If firefighting is by itself one of the most demanding helicopter missions, doing it at very high altitudes is something only a few can talk about. Rotortec, a Chilean H125 operator dedicated to seasonal firefighting, shares their experience of a particularly tough year for Chile. 


In Chile, as in many other countries, climate change has generated drier, hotter and more unpredictable conditions that increase both the number and intensity of fires. Since the start of 2023, more than 5,300 forest fires have been recorded in Chile. One of them, the Valparaíso fire in February, was the deadliest in the country's history, destroying more than 8,600 hectares and more than 4,500 homes in several municipalities. 

More aggressive fires

"In Chile we are used to forest fires, unfortunately it is something that is already part of our country because of its geography and weather conditions," explains José Tomás García, H125 pilot at Rotortec. "But what marked this fire season was that this year the fire reached the big urban centres, burning down many houses and causing the loss of many lives

With a fleet of four H125s, Rotortec has flown more than 400 hours this summer season putting out fires. Its main task has been direct firefighting by dropping water or retardant on the flames, but it has also carried out other essential, highly technical flight tasks such as the aerial coordinationof ground resources or the transport of brigades to the scene of the fire. 

Fires at high altitude

Rotortec’s H125s are all equipped with water buckets, a Heli-Basket and a cargo hook with load indicator. They have FM radio equipment to communicate directly with the fire brigades on the ground, and a siren to alert them when each discharge is about to take place to protect their safety. 

"The H125 is very responsive, with a power margin that no other helicopter has, especially when fighting fires at higher altitudes, which is a frequent occurrence in Chile," explains Francisco Fluxá, General Manager of Rotortec and also a pilot with more than 4,000 hours under his belt. "We operate firefighting missions mainly between December and March, which is the most complicated time of the year. We move from the central zone to the southern zone, in the lake region, where there are native forests above 5,000 feet.”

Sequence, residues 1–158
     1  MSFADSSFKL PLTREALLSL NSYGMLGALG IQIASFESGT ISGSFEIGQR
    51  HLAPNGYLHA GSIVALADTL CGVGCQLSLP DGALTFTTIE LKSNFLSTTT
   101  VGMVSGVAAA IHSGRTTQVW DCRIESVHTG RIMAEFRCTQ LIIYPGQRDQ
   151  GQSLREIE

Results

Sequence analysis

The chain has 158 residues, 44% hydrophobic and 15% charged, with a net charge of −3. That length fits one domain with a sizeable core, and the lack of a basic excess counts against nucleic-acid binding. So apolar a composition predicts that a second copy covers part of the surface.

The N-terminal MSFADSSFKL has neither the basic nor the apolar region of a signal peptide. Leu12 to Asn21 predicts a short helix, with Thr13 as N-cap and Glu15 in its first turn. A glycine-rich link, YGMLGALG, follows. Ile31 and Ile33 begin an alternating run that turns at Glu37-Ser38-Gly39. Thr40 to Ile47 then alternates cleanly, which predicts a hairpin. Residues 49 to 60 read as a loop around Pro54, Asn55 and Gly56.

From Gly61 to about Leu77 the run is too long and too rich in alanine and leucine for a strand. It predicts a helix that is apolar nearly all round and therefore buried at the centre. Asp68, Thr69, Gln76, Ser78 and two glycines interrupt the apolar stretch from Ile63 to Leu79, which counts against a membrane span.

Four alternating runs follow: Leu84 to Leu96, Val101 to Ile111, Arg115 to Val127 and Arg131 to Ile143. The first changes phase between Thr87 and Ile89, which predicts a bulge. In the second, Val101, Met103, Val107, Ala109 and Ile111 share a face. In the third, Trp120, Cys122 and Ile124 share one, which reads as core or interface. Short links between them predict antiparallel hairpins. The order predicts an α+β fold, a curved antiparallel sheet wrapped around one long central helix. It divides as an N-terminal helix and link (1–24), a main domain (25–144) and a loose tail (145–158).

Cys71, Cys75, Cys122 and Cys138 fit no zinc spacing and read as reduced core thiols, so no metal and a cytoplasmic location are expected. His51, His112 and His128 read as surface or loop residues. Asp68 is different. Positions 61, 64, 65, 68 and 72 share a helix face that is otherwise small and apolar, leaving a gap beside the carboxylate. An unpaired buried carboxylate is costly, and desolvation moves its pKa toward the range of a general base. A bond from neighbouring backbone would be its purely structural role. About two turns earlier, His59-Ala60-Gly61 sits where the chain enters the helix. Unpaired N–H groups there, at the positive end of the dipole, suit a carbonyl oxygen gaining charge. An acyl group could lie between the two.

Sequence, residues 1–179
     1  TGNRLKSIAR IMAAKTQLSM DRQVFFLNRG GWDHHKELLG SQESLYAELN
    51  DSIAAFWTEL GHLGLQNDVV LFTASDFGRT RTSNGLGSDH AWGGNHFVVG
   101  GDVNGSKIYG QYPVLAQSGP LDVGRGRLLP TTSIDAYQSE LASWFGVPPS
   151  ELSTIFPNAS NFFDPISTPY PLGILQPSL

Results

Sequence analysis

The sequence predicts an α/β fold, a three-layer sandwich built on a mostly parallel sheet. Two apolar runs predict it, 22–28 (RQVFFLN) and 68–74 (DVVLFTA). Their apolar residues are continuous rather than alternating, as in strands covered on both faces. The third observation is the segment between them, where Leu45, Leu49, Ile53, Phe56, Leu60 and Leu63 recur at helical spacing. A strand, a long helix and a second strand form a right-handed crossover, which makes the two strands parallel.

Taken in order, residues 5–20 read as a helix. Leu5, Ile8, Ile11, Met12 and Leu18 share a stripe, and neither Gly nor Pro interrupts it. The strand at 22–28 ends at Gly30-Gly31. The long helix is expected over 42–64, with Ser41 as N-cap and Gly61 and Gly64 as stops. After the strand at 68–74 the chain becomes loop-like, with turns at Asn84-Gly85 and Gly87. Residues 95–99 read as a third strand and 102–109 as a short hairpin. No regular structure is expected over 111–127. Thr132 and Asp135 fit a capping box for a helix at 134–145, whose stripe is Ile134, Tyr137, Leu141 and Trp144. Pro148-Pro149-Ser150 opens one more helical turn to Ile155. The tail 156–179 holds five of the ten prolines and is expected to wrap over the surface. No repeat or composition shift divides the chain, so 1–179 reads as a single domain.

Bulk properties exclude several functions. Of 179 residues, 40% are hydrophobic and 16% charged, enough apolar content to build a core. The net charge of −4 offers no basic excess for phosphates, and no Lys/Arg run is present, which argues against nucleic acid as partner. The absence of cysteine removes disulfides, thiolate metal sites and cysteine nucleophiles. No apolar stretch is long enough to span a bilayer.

Reaching where others cannot

It was precisely in the south of Chile, in the Araucanía region, where Rotortec had to face one of the worst fires this year. "We had a major fire in Lonquimay, which was characterised by the fact that it was in a native Araucaria forest: a tree can burn for weeks, because they burn inside and underground. It was exhausting. Our biggest advantage was definitely having the H125 because the fire was above 5,000 feet and the water sources were between 5,000 and 6,000 feet. Our  helicopters were the only ones that could efficiently draw water from the lagoons at altitude to have faster drop cycles. The H125 could deliver 800 litres of water every two minutes versus every 10 minutes for helicopters with fewer capabilities that had to go down to 3,000 feet to retrieve water.”

On his side, Francisco stresses that the H125'sversatility is another asset for the company. "We make use of it all year round. Already in winter, outside the fire season, we can use it for aerial work, in the agricultural area or for passenger transport. And we are always at the service of the rescue services for mountain rescues, natural disasters, floods... Chile is a country with very high mountains and the H125's capabilities are wonderful here."


FIDAE 2024

09-14 April 2024 I #FIDAE2024